• If your child is under general anesthesia or analgesia, it will take several hours before eating and drinking. Children who were assigned a pre-trial period were ill, will not be under analgesia or general anesthesia.

• It is necessary to inform the doctor about all medicines your child is taking, as well as allergy to certain medications, contrast agents, iodine or seafood (if any). It is also necessary to inform your doctor about whether your child has recently been ill, has asthma, some heart disease, diabetes, kidney problems, or thyroid gland. Some of these diseases may affect the physician’s decision as to whether it is necessary and safe to use the contrast medium during this test.


• CT diagnosis is a painless, quick and easy procedure, which although painless can give the child an unpleasant experience because of the need to be calmly positioned in a certain position.

• If the contrast agent is given via a vein (intravenous), your child may feel pain when placing a cannula in the vein. While giving the contrast medium intravenously, your child can feel a body’s warmth or metal taste in the mouth that lasts for several minutes. After giving a contrast medium, your child may feel itching or get a skinhead, which can be eliminated using certain medications. If your child gets sick or complains about difficulty breathing, you should immediately inform your health care staff. If your child develops any type of an allergic reaction to a contrast agent, you should inform your healthcare staff and emphasize if there is a need for CT scanning in the future.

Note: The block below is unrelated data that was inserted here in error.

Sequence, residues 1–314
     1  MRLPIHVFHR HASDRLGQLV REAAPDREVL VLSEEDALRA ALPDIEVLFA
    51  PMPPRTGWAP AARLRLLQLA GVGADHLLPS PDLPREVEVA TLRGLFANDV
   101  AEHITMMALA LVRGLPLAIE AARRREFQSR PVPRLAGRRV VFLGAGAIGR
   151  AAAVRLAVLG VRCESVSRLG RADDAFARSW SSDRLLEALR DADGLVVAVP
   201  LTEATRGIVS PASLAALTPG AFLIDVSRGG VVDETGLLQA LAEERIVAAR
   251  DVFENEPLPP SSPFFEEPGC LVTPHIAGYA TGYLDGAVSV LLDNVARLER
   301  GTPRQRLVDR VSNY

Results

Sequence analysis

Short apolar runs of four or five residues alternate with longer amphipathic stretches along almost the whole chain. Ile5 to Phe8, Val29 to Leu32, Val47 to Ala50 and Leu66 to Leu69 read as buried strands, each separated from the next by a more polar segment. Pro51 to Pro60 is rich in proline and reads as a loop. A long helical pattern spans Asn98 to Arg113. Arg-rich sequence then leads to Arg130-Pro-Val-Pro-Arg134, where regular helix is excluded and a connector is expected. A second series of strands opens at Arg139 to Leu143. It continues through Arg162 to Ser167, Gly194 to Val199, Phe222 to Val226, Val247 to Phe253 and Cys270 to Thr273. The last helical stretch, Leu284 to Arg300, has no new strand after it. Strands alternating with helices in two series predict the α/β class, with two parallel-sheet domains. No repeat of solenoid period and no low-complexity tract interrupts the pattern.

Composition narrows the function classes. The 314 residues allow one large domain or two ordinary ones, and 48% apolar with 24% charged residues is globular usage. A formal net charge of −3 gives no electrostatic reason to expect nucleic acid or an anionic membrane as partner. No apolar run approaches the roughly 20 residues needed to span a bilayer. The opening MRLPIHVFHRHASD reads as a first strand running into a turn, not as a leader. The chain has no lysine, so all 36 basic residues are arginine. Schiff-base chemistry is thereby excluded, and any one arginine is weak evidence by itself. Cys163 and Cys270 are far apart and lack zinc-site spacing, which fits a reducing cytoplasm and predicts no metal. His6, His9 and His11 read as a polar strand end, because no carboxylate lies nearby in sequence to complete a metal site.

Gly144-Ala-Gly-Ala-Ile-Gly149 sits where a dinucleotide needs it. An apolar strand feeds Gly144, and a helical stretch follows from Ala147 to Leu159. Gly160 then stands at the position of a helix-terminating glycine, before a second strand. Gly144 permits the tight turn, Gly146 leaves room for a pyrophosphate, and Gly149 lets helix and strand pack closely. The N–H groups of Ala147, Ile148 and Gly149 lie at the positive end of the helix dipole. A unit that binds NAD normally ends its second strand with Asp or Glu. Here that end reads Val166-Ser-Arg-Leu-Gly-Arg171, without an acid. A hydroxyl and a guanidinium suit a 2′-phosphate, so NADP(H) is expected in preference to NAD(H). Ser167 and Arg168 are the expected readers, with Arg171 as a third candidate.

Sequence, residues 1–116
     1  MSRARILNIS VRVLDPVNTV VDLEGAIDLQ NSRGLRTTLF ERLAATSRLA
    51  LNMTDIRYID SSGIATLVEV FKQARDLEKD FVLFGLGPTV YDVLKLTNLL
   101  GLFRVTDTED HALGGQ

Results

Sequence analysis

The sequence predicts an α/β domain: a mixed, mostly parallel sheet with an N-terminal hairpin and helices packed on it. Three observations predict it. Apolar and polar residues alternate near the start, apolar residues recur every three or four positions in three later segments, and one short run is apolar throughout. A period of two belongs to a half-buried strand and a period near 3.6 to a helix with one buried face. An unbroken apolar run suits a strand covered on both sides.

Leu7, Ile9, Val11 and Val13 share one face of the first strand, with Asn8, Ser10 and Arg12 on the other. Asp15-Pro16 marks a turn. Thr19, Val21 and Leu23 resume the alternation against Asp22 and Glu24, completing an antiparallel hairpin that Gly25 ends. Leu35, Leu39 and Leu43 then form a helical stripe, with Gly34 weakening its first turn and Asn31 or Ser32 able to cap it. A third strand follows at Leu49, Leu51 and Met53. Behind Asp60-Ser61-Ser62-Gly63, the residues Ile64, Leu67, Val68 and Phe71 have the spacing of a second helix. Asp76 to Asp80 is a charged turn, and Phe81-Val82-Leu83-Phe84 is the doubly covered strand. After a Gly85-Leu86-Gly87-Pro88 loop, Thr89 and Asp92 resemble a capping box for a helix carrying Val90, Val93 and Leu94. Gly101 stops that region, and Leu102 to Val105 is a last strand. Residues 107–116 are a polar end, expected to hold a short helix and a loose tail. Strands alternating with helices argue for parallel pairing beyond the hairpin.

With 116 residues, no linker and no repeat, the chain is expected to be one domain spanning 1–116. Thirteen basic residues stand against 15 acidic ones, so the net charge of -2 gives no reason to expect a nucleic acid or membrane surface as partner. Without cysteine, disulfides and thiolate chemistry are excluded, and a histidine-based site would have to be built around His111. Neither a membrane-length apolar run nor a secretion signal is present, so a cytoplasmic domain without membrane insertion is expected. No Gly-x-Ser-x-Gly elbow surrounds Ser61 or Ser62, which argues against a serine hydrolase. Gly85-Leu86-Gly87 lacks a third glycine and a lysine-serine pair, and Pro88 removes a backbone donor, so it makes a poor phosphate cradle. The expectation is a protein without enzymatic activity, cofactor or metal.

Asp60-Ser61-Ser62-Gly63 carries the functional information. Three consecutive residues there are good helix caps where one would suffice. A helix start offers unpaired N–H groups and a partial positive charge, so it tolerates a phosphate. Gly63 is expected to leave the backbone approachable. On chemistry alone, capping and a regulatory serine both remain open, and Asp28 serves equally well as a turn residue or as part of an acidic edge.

• Contrasting drink can be an unpleasant taste for your child. The contrast medium can be mixed with water or juice, but most children well tolerate the use of a contrast medium in this way. Very rarely, there is a need for a contrast agent to be applied in the form of capsules when your child can complain of feeling overwhelmed or needing to empty the bowel. You need to encourage your child and explain that this unpleasant feeling only takes a few minutes.

• During the recording, the healthcare worker leaves the recording room and moves to a neighboring room from which he will be able to spot your child and communicate with him. One of the parents may be allowed to be with the child in the same room, but only if wearing protective equipment that protects it from radiation, although the radiation around the machine is minimal. If you suspect that you are pregnant, it is recommended that someone else be with your child during the examination.

• If CT testing is performed in smaller children who are not able to stand still in one position during the examination, it may be necessary to use general anesthesia or analgosedation. After examining under anesthesia, you need to wait a certain amount of time after examination to see if your child is sufficiently awake.

• If anesthesia is not used during CT examination, your child can immediately return to normal daily activities. If anesthesia or anal gestation is used during the recording, your child needs to spend some time after the examination at the hospital. You will receive instructions on reducing your child’s activity during the day, if there is a need for that.